CVE-2023-36052: Microsoft Addresses Critical Azure Vulnerability
Microsoft has released a security update to address a critical vulnerability in the Azure CLI that could be exploited by attackers to recover plaintext passwords and usernames from log files created by the affected CLI commands. The vulnerability, tracked as CVE-2023-36052, enables unauthenticated attackers to remotely access plain text contents written by Azure CLI to Continuous Integration and Continuous Deployment (CI/CD) logs.
What is the vulnerability?
The vulnerability is caused by an error in the way that the Azure CLI handles sensitive information. As a result, attackers can exploit the vulnerability to gain access to plaintext passwords and usernames that are stored in log files.
What are the potential risks of the vulnerability?
If an attacker were to exploit the vulnerability, they could gain access to sensitive information such as passwords and usernames. This information could then be used to compromise other systems or to steal data.
How can I protect myself from the vulnerability?
The best way to protect yourself from the CVE-2023-36052 vulnerability is to update your Azure CLI to the latest version (2.54). You can also take the following steps to reduce your risk:
- Do not store sensitive information in log files.
- Use strong passwords and usernames.
- Enable two-factor authentication.
What is Microsoft doing to address the vulnerability?
Microsoft has released a security update to address the vulnerability. The company has also implemented a new Azure CLI default configuration to bolster security measures, aiming to prevent accidental disclosure of sensitive information.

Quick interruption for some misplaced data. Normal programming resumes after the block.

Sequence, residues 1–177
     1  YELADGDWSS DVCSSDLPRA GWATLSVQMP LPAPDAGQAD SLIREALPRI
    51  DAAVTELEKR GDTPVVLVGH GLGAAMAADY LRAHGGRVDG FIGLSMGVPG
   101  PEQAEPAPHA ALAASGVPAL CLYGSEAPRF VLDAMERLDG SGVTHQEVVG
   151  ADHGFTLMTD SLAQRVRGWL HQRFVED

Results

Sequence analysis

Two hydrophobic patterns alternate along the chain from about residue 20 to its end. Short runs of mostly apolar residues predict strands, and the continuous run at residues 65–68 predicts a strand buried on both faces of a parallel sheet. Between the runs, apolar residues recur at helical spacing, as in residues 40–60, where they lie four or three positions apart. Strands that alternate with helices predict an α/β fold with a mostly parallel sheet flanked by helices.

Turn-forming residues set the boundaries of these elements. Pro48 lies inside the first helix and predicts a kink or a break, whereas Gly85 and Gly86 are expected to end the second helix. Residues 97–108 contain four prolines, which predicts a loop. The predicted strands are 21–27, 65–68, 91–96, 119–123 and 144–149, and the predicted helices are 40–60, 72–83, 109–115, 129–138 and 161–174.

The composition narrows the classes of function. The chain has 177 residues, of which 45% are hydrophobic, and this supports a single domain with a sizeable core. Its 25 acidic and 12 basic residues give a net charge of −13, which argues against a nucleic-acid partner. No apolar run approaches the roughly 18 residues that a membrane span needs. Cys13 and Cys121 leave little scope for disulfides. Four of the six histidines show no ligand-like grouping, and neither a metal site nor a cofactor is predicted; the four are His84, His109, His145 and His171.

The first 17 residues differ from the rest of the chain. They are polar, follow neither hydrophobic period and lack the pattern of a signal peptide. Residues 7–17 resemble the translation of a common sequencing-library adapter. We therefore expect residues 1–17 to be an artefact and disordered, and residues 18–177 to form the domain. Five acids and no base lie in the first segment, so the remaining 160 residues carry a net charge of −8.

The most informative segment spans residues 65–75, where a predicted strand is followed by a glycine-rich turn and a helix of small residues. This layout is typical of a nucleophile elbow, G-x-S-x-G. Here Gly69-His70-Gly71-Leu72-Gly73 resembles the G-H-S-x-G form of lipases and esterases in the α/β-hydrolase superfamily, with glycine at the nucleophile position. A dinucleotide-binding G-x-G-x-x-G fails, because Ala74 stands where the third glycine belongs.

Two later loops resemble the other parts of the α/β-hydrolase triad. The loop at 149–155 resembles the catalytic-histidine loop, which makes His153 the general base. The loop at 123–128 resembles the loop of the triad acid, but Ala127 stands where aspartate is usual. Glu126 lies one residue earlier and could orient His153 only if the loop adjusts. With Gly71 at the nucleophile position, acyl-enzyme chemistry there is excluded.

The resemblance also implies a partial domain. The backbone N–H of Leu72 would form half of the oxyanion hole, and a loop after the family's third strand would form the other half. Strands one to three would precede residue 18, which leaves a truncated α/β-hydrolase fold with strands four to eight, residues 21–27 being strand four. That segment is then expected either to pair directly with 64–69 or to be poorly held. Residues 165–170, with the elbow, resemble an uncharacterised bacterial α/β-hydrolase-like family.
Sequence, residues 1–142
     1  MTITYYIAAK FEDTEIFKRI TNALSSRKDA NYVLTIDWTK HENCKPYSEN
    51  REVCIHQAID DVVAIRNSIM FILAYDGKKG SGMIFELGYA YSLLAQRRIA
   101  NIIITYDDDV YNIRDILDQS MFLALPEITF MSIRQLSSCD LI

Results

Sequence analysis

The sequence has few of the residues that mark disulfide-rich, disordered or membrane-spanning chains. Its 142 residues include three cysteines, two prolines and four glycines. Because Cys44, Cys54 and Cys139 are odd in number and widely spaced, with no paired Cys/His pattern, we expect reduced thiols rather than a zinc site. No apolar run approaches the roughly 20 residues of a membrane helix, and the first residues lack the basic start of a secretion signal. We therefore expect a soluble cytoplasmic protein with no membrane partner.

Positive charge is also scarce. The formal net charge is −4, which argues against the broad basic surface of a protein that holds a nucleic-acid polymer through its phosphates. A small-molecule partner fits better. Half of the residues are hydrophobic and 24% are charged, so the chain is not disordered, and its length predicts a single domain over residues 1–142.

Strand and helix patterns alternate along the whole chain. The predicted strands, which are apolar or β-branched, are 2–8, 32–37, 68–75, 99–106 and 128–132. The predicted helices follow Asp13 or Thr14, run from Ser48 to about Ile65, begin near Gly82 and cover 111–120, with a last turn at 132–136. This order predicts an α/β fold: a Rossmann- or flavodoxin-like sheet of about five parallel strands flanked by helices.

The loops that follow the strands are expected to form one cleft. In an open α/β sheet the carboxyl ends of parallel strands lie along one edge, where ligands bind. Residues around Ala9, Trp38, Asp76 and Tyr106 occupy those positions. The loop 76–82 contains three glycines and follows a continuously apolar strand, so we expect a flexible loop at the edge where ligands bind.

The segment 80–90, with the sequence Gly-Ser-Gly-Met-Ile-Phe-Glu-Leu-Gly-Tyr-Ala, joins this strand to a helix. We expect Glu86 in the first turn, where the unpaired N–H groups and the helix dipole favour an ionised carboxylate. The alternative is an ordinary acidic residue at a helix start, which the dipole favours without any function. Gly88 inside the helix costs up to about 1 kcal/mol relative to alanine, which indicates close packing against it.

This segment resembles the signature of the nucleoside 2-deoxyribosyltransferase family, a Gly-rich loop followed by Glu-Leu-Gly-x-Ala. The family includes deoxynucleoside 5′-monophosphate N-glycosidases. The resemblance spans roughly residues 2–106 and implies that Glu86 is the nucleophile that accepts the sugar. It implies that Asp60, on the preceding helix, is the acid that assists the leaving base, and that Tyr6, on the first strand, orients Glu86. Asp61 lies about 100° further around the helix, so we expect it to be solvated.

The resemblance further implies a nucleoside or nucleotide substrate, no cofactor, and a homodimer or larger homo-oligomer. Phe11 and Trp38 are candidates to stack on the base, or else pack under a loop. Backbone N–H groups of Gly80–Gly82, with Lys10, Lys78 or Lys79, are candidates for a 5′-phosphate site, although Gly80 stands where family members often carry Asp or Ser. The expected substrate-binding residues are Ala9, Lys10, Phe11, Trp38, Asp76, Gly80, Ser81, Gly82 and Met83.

In addition to the above, Microsoft also recommends the following:
- Always update Azure CLI to the latest release to receive the most recent security updates.
- Avoid exposing Azure CLI output in logs and/or publicly accessible locations. If developing a script that requires the output value, ensure that you filter out the property needed for the script. Please review Azure CLI information regarding output formats and implement our recommended guidance for masking an environment variable.
- Rotate keys and secrets on a regular basis. As a general best practice, customers are encouraged to regularly rotate keys and secrets on a cadence that works best for their environment. See our article on key and secret considerations in Azure here.
- Review the guidance around secrets management for Azure services.
- Review GitHub best practices for security hardening in GitHub Actions.
- Ensure GitHub repositories are set to private unless otherwise needed to be public.
- Review our guidance for securing Azure Pipelines